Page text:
Intention, Permissibility, and Double Effect<sup>1</sup>

William J. FitzPatrick

in Oxford Studies in Normative Ethics

Published in print December 2012 | ISBN: 9780199662951
Published online January 2013 | e-ISBN: 9780191745195 | DOI:

Series: Oxford Studies In Normative Ethics

Intention, Permissibility, and Double Effect1

Show Summary Details


According to typical formulations of the doctrine of double effect (DDE), it is sometimes permissible to bring about as a foreseen but unintended side-effect some harm it would have been impermissible to aim at as a means or as an end, all else being equal. T. M. Scanlon has recently followed James Rachels and Judith Jarvis Thomson in rejecting the DDE on the grounds that it is implausible to hold that an otherwise permissible action can be rendered impermissible simply because of a particular agent's bad intentions. The chapter argues that when properly understood the DDE does not have this general implication and does not lead to implausible results: the role of intention in the DDE is more complex and abstract than these critics and even some defenders recognize, not generally making permissibility turn on the actual intentions of particular agents. When this is taken into account the objection is avoided entirely. Still, there are special circumstances under which the actual intentions of particular agents can affect permissibility, and the alternative understanding of the DDE properly explains this as well. The chapter concludes with a critique of Scanlon's attempt to show that the DDE is in any case dispensable.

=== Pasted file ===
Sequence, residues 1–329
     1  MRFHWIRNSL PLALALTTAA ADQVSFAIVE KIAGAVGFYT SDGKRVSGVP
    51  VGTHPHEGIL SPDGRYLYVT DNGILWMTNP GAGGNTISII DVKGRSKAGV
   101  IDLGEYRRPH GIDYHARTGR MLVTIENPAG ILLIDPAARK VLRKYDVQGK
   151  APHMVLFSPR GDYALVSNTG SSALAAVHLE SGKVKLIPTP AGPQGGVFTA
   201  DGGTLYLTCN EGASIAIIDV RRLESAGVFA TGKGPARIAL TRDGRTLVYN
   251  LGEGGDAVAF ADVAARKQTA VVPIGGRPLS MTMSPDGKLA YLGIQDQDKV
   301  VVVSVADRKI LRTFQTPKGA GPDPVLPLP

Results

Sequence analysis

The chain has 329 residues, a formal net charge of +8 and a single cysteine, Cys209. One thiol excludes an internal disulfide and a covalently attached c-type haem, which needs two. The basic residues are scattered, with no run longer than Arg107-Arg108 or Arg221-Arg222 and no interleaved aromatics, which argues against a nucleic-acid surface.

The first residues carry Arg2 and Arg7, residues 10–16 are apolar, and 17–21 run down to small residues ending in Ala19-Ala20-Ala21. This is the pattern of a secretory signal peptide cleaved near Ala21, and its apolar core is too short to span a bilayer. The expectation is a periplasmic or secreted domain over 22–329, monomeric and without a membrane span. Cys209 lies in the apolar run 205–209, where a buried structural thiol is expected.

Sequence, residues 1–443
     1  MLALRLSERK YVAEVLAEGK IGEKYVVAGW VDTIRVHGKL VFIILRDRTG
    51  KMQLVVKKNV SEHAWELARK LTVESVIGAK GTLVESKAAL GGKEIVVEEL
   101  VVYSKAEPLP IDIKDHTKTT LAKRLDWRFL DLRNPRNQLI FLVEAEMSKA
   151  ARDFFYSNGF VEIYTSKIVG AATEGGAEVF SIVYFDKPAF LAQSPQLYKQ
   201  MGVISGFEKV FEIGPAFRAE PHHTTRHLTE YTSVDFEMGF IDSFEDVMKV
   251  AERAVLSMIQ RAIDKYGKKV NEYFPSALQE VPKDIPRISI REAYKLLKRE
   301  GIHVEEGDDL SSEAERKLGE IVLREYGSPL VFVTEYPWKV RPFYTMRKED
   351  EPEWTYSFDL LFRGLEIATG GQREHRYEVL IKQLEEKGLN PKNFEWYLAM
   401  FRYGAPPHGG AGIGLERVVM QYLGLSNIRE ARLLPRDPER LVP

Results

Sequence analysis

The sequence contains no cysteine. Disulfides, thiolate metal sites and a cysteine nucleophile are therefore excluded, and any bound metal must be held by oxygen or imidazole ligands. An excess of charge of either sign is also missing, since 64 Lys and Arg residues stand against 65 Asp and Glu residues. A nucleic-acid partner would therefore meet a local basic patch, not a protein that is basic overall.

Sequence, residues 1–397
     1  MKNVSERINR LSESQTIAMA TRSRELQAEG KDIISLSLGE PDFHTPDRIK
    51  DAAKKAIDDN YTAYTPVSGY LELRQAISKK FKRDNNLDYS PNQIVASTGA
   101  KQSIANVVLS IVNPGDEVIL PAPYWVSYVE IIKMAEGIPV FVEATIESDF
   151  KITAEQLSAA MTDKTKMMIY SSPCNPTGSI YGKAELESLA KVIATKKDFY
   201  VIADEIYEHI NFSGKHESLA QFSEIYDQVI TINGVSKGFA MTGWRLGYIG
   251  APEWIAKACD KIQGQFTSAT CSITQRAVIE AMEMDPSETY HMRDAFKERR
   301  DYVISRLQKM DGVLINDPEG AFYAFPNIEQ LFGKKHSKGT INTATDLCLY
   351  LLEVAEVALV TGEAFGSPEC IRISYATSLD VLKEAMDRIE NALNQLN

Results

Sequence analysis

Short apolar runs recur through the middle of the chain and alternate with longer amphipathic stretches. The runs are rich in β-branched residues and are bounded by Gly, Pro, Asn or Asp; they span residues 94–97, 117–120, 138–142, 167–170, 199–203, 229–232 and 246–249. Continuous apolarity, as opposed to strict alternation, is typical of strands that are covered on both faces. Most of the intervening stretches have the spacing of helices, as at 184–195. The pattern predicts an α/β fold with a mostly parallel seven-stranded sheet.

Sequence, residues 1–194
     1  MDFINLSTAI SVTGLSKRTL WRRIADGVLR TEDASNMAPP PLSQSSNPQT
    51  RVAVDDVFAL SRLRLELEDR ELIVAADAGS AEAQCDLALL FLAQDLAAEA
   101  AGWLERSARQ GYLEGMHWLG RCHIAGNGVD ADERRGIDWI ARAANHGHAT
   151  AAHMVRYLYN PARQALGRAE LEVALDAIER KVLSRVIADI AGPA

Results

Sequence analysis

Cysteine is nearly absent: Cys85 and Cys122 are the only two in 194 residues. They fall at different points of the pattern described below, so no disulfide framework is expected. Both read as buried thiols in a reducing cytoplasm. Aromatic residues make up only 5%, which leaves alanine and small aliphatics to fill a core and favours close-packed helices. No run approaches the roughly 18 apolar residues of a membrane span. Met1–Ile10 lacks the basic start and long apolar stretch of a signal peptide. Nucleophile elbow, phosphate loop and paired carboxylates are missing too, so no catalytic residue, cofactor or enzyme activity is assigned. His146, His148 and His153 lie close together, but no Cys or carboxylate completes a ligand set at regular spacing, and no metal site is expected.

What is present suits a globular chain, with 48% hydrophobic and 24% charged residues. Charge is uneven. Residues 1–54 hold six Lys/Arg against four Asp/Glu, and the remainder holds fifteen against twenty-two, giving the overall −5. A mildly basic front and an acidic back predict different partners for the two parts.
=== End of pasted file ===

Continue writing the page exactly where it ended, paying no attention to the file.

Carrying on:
Keywords: double effect; DDE; intention; permissibility; justification; harm; side-effect; just war theory; terrorism; nonconsequentialism; Scanlon; Thomson

Chapter.  13583 words. 

Subjects: Moral Philosophy

Full text: subscription required

How to subscribe Recommend to my Librarian

Buy this work at Oxford University Press »

Users without a subscription are not able to see the full content. Please, subscribe or login to access all content.